Eastwood's direction holds it all together in a tight package that never rushes, but also doesn't meander. It moves from setup to action to climax at a wonderful pace. the entire time it is pulling us deeper into Frank and Maggie's world. there is one little, but troubling plot hole for fight fans that might turn some off to the movie as a whole. It's the way our heroes first meet. Given all we're told of her skill level a short while later, it makes no sense. However, it's small enough that the removal and/or changing of just a few lines of dialogue would fix the issue. The bigger problem for those of us with a decent amount of boxing knowledge are the fight scenes. The choreography of them is just horrible in that all-too-Hollywood way. Each pugilist takes turns beating their opponent from one side of the ring to the other with seemingly endless successions of landed punches. Either that, or someone gets knocked in about five seconds. It just doesn't work like that. It's the one artificiality that snaps me out of the movie on several occasions. Thankfully, the narrative snags me from the brink of tuning out each time and swaddles me in layers of its fabric. Once we get beyond all the fight scenes, it never lets me go.


  1. Good review Dell. Was really moved by this one. Also, I liked how Eastwood doesn't get too schmaltzy with the point he's trying to get across, nor with what he's trying to say about his characters. They're just normal people, trying to get by in anyway that they possibly can.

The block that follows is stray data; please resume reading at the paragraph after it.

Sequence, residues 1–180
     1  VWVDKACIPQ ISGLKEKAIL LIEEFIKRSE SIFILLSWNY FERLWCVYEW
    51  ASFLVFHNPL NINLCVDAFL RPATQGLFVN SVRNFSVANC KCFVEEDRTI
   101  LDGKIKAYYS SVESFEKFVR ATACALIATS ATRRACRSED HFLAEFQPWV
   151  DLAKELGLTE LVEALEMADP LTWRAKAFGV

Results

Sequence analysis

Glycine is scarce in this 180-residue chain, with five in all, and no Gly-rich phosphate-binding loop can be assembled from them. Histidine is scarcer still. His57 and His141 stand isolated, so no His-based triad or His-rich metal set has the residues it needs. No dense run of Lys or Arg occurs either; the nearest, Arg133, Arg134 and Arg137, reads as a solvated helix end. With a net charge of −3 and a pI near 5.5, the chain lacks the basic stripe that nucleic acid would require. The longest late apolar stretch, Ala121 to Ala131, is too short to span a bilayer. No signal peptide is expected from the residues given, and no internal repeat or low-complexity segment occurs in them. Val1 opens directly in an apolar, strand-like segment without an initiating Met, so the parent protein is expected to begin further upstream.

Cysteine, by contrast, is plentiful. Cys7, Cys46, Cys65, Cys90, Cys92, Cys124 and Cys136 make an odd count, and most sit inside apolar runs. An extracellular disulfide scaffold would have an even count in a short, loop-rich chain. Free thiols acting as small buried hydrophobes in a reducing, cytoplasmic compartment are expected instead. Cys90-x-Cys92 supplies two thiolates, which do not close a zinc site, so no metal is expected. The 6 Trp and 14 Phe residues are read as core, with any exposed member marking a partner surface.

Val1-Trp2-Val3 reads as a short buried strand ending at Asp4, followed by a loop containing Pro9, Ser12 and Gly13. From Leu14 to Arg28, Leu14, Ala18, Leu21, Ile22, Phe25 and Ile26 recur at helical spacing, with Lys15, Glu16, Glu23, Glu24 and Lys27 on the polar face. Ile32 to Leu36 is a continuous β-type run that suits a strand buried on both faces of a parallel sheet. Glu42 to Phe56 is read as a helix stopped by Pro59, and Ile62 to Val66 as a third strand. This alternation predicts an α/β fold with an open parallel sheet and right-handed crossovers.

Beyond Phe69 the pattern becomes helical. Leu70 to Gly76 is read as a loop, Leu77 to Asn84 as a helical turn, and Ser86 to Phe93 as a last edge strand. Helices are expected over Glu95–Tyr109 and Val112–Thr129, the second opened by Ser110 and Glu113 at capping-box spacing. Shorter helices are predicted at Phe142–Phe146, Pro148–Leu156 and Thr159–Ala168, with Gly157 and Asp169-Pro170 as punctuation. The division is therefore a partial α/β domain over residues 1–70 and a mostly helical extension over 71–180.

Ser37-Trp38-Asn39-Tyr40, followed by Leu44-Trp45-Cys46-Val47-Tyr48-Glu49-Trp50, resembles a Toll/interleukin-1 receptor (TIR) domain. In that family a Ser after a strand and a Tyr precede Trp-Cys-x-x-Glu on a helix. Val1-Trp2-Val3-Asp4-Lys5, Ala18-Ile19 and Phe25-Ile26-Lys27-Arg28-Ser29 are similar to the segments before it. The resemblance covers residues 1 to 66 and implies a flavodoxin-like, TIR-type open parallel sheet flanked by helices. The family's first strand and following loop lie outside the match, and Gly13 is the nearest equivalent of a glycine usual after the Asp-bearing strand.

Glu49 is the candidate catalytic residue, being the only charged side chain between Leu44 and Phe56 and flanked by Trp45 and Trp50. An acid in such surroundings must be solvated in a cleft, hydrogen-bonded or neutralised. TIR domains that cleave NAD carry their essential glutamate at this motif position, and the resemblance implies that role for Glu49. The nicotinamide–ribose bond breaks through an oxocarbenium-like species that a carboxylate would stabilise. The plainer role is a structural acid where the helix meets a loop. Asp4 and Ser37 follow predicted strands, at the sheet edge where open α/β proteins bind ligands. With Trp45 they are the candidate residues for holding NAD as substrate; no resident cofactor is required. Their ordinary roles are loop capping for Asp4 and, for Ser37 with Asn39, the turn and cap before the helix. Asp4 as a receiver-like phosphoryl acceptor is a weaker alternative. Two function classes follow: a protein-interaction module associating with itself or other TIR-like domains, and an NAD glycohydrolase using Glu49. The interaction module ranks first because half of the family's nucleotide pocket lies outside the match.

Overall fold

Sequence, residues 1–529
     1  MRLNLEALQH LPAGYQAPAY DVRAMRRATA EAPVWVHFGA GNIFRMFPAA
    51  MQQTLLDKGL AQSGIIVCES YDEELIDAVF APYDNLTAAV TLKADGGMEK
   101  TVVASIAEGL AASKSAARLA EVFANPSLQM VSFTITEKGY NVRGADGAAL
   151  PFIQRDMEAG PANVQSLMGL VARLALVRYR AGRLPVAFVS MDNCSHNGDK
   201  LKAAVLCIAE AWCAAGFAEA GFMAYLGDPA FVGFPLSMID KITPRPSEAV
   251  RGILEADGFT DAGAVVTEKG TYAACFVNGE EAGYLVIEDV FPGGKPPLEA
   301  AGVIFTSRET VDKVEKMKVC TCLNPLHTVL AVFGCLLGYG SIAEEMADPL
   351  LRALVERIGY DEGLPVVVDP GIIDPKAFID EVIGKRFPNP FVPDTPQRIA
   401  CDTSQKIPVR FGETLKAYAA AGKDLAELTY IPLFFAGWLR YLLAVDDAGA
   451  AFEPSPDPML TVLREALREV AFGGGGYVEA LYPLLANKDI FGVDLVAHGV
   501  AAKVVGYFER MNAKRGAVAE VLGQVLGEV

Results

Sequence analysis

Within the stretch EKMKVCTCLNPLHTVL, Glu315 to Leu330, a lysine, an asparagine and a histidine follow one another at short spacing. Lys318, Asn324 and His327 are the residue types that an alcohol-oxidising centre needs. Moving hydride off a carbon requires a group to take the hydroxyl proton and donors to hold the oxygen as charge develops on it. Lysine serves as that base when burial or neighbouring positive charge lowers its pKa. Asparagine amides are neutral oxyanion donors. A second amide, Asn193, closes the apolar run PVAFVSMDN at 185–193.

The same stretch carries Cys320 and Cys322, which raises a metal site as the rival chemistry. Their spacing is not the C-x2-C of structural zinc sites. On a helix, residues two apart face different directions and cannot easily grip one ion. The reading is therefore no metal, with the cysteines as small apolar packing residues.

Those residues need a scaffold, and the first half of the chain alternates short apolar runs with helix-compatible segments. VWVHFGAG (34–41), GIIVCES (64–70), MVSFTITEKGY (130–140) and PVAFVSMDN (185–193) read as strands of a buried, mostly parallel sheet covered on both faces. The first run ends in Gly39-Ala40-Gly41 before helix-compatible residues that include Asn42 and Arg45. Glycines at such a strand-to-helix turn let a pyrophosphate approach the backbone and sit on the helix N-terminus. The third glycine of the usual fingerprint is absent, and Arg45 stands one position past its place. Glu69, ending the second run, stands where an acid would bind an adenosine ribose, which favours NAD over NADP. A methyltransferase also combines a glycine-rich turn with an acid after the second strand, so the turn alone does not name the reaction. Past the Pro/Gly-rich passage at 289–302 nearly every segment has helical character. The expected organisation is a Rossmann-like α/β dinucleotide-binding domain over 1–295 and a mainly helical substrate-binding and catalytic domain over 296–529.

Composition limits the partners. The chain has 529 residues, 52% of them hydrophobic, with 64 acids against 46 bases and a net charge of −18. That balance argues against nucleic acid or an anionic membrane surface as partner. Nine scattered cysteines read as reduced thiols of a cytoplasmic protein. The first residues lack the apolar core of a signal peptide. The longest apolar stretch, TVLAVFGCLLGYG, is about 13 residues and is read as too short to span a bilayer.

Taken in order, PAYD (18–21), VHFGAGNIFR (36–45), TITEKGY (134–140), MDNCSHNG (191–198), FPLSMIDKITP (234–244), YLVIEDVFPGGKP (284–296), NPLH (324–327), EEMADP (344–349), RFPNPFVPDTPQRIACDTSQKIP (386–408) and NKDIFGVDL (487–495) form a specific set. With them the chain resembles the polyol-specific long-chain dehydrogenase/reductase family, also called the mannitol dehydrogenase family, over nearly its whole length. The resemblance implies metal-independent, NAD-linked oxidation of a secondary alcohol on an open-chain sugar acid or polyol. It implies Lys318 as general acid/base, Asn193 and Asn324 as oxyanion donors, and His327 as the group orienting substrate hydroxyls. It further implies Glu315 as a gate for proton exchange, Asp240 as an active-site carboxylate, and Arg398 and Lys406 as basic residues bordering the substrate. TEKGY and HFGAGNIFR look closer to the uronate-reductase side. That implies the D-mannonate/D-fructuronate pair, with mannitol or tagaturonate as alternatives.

1. Eastwood hit just about every note perfectly this time, didn't he? I don't think it's his best but it's not far off, either.

  2. Nice review here. You have me thinking about the fighting scenes in this movie, which I've always found to be authentic. I heard that Eastwood and Co. didn't storyboard or rehearse any of the boxing scenes beforehand. They just showed up on the day and went for it. Which could help explain why they occasionally have that punch-punch-land-land ease to them (which, I agree, is not entirely realistic). But I definitely don't take issue with how Maggie and Frankie meet. I fought on undercards when I boxed, and most all of the main fighters were wildly better than I ever could've been. So I thought that played as real, but hey, what's important is that we both really like this movie. Still so pleased that it won Best Picture.

    1. If you've fought on undercards and are ok with how they meet I'm happy to retract my comments. As fat as the fight scenes themselves, they're really my one beef with the movie. Otherwise, it's a wonderful film.

  3. Excellent review. I actually just watched this movie for the first time tonight, and was extremely moved on the story. There aren't many movies that make me think "what would I do in that situation?" If I was in Swank's position, I would've chosen not to be hooked up to machines for the rest of my life. On the other hand, if I was in Eastwood's position, I most likely wouldn't be able to pull the plug like what was asked of him, seems strange saying that really.

    1. Thanks. Your position doesn't sound strange, at all. It's a real conundrum. It's one of those things where most of us think we know what we'll do when put into that situation, but really won't until we are.